Rios: Well, uh....


Trujillo: The admission price....


Rios: The admission price ... my friend to me the admission price is two three.


Trujillo: That's perfect.


* * * * * *


Trujillo: I need, uh ... several tickets.


* * * * * *


Rios: Uh, and what was I going to tell you? And at least, and if.... Not like the other day when my friend didn't come through, but when I know I've got my hands on it, I'll tell you. Okay. Now, I'm going for the, the invitations. Would you be able to have things ready for about two or three?


* * * * * *


Rios: Perfect. Then I'll call you as soon as I've got my hands on it.


Trujillo: Okay.


Tr. at 183. Rios interpreted the conversation for the court. Tr. at 186-88. Rios said the "friend" was the drug supplier, the "big family" was a big shipment of cocaine, the "invitation" was a kilo of cocaine, and the "admission price" was the price per kilo of cocaine. "Two three" mean that the price-per-kilo was $23,000; "several tickets" meant that Trujillo wanted several kilos. The reference to the "other day" concerns the last aborted fifty-kilo transaction.


Through this and several other conversations, Rios arranged to sell six kilos of cocaine to Trujillo. Trujillo did not have the money for all the cocaine so they arranged that Trujillo would pick up the cocaine and sell it, and return the money to Rios. Trujillo, because of the botched prior deal, was concerned that Rios could not deliver the cocaine he promised.


Rios: No, no, no. You'll see them. You'll see. And once you see them you go deliver it to your friend and bring me my receipts.


Trujillo: I know.


Rios: And I'll wait for you there. Okay?


Trujillo: Uh ... uh ... but, I mean ... the problem is I won't have the receipts like right at the moment. You know?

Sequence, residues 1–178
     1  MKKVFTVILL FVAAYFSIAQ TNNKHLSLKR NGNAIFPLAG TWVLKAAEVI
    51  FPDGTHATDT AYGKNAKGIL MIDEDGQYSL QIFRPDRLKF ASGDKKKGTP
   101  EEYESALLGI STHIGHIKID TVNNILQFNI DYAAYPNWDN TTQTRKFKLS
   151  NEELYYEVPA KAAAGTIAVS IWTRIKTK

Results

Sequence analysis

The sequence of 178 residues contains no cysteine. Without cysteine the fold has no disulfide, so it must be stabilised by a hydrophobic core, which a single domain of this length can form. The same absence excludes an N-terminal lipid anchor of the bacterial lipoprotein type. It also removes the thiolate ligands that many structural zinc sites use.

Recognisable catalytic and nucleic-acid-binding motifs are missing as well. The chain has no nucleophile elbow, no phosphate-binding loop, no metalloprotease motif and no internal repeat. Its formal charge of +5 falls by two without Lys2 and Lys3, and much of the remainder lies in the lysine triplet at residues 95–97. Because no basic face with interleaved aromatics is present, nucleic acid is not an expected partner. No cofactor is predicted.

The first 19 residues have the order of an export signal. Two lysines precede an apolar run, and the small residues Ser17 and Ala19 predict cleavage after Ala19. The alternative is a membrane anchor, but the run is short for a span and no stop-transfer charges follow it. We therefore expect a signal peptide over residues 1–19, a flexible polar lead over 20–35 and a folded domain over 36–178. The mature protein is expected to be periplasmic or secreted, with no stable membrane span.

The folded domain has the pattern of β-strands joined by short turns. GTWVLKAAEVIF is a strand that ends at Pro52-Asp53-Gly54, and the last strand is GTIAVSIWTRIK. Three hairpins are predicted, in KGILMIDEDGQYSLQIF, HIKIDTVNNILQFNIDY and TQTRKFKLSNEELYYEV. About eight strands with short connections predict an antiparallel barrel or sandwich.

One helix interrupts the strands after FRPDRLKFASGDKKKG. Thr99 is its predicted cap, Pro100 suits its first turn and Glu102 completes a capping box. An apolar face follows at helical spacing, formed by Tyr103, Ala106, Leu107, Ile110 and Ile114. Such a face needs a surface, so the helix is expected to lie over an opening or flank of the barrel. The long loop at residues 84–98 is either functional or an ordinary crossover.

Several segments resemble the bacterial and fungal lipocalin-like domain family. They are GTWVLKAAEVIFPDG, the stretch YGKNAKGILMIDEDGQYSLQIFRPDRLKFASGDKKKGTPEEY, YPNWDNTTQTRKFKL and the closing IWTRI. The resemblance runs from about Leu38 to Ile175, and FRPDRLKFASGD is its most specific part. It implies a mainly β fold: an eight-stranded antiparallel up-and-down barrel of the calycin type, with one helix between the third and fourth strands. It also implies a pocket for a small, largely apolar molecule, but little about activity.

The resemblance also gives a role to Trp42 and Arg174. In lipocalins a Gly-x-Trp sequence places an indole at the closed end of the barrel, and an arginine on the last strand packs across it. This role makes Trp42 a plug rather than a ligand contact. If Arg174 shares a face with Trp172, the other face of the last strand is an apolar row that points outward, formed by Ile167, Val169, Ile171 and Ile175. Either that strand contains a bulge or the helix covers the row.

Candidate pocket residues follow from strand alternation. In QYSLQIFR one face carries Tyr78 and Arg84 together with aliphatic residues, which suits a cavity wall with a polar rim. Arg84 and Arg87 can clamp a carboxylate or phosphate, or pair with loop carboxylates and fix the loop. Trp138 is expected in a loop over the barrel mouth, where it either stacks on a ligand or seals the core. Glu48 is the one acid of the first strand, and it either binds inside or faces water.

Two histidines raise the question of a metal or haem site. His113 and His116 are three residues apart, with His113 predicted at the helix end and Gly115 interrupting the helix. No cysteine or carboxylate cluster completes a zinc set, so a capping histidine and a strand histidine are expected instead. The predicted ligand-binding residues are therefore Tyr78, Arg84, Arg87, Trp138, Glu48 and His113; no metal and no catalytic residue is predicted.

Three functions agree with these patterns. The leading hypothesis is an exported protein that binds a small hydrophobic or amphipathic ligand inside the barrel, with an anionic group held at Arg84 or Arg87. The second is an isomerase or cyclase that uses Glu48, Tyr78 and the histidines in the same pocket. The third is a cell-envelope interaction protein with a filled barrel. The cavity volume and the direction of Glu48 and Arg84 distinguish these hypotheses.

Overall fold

Rios: No, no problem. But don't let me down.


Trujillo: No, no. No way!


Rios: Okay.... Okay.


Trujillo: You trust me?


Rios: Sure. Then I'll give you six and you just get me the money for two of them for today. Okay?


Trujillo: For one or two today. No problem!


Rios: Well, ready, [unintelligible]


Trujillo: Even three, four if you want.


Rios: All right, ready, buddy.


Trujillo: Okay, champ.


Tr. at 205-06. During this conversation Trujillo and Rios agreed to meet at the Amoco station on Irving Park Road and Western Avenue in Chicago at 4:30 p.m. on April 19, 1990. Rios wore a recording device to the meeting with Trujillo, and FBI agents watched the deal go down. At the meeting, Rios delivered a duffel bag containing six kilos of cocaine to Trujillo.


Rios: Well, there's six, six. Did you bring me any money?


Trujillo: I won't let you down, champ, no.


Rios: Don't let me down because....


Trujillo: Yes.


Rios: You'll get me in trouble.


Trujillo: Uh.... Champ?


Rios: What time are you going to call me?


Trujillo: By 9:00 o'clock tonight, I'll have ... at least three for you.


Rios: Three? And the rest....


Trujillo: Yeah.


Rios: In 48 hours is fine.


Tr. at 218. When Trujillo carried the duffel bag back to his car, FBI agents arrested him. One agent advised Trujillo of his constitutional rights in Spanish, and had him sign a waiver-of-rights form that was printed in Spanish. Trujillo told the agents that he thought the bag contained clothing because he knew Rios sold stolen clothing. He also said that he would have sent someone else for the bag if he thought it contained cocaine. At trial Rios said he had never sold stolen clothing.


Trujillo's wife testified that she, the defendant, and some of their relatives operated a clothing boutique and also promoted boxing and musical concerts.


The jury found Trujillo guilty of the charges alleged in the indictment (one count of possession with intent to distribute a controlled substance under 21 U.S.C. § 841). At the sentencing hearing, the district court found that the evidence established beyond a reasonable doubt that Trujillo had agreed to accept six kilograms of cocaine and that Rios delivered 5977.2 grams of cocaine to Trujillo on April 19, 1990. The judge imposed a fourteen-year prison term, followed by a five-year term of supervised release.